Comment Re:Misleading and false (Score 1) 119

Exactly. It's interesting research, but it hits diminishing returns very quickly. Cheap solar panels have gone from 8% to 16% efficiency in a few years. That's a huge win, because you get double the power output for the same investment. Getting up to 32% for the same cost will be a similar win, but that's a long way away.

Comment Re: please use a password manager.... (Score 1) 123

Doesn't even require Safari - there's a password assistant built into the OS, even though it's not exposed as an application.

For those wanting more than a vague hint: it's in the Keychain Access app. The New Password Item menu item brings up a dialog box that lets you generate a password matching various criteria.

Comment Re:Proof (Score 2) 402

That she demands proof is equivalent to others demanding proof that we do not live in a simulation.

No, it's not. It's the responsibility of the person who proposes a hypothesis to provide evidence for it, or a path to find such evidence (i.e. specific predictions of what we'd see if the hypothesis were true). It is, in fact, impossible to prove a negative, so asking people who say we're probably not in a simulation for evidence is literally asking for the impossible: it is always possible to say "well, the simulation must just be slightly better than any of our observations!" In science, we therefore accept the null hypothesis (in this case, not a simulation) until someone can provide some compelling reason (for e.g. anything even remotely resembling evidence) to show that the alternative hypothesis.

Currently there is zero scientific reason to believe we live in a simulation. None, nadda, nothing. Personally, I don't think there ever will be, and I don't think I've ever even heard a decent, serious proposal of what such evidence would look like, to the point where I'm reasonably sure the "universe is a simulation" cannot be considered a scientific theory at all, because it is neither provable nor falsifiable.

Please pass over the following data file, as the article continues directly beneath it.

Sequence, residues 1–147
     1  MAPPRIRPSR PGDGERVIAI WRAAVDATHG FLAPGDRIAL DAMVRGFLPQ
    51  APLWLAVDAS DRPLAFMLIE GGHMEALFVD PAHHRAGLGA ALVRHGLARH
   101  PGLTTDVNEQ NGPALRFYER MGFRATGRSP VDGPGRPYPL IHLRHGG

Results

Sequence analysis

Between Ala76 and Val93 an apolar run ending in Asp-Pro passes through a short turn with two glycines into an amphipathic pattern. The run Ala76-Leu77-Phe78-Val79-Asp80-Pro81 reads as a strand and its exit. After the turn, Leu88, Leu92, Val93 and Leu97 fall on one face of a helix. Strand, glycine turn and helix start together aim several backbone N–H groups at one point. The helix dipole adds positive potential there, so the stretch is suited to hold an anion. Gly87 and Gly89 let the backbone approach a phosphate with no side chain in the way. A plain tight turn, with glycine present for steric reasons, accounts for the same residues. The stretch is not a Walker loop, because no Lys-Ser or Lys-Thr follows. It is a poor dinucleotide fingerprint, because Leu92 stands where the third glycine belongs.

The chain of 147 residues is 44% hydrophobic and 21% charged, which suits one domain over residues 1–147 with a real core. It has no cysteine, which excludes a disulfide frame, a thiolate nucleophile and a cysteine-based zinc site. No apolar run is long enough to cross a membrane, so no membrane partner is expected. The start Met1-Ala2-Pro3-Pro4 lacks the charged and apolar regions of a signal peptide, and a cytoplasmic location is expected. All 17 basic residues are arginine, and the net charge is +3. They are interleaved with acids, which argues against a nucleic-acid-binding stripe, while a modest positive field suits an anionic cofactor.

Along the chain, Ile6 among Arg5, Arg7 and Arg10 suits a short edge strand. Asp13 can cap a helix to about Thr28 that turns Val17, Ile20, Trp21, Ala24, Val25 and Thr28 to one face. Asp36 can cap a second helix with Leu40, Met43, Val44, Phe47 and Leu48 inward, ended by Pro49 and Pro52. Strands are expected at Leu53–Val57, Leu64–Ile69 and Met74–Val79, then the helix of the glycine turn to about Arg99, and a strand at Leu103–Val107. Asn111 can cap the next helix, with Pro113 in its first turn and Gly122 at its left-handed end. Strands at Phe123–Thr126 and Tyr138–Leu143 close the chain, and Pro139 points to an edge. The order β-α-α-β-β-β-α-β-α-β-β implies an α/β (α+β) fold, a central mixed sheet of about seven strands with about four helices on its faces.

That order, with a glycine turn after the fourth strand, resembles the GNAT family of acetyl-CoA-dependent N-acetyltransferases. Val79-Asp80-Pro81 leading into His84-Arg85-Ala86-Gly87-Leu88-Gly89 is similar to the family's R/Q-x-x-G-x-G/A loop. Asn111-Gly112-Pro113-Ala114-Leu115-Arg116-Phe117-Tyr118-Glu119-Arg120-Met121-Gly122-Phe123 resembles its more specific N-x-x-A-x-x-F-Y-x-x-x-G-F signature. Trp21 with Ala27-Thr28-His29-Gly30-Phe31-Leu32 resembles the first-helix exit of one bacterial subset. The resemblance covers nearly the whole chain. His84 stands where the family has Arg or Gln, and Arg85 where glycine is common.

Comment Re:But which kind of stroke? Too thin or too thick (Score 1) 41

Basic indications for thrombolysis (clot busting) in presumed stroke.

- Persons of a certain age (typically over 18, pediatric strokes have not been studied well and typically are due to a bleed from a congenital malformation)
- There are blood pressure ranges over which it's felt that punching holes in the brain is too dangerous
- There are certain medications (other drugs that work on the blood clotting system) that, when mixed with the clot buster make it too dangerous
- You have to have a major stroke - the procedure doesn't work all that well and a bunch of complicated statistics and people yelling back and forth have made a guess with the benefit outweighs the risk.
- TIME IS IMPORTANT - this is one of the big deals. Stroke is being popularized as a 'brain attack' (which sounds too Zombieish to me). That's a bit of overkill but the longer the symptoms have gone on, the less likely that busting up the clot is going to work. THIS IS WHERE THE SPIDER VENOM may come in - by protecting the brain while you do something (or not). Would presumably work in ischemic (formed by a blood clot) or hemorrhagic (formed by a bleeding blood vessel) kind of stroke.
- You should get permission. Thrombolysis could make things better - or kill you. The improvement rate is only 25-40% (something less than thrombolysis for heart attacks). The big downside is that you convert an ischemic stroke into a thrombolytic stroke. Since blood in the brain can't leak out anywhere, you have to drill a hole in the brain which typically requires the presence of a neurosurgeon. Lots of places don't have neurosurgeons just wandering around. Yes, we've been trained in emergent craniotomy. I have this neat stainless steel drill that looks for all the world like an old carpenter drill but you don't want me to get it out of it's case. Very, very last ditch.

IF - and a big if - this pans out it could make stroke treatment much easier and more useful. It could also be used in any sort of insult to the neurologic system (trauma, etc.).. Cryosleep anyone?

But it's a big if...

Slashdot Top Deals

Elliptic paraboloids for sale.

Working...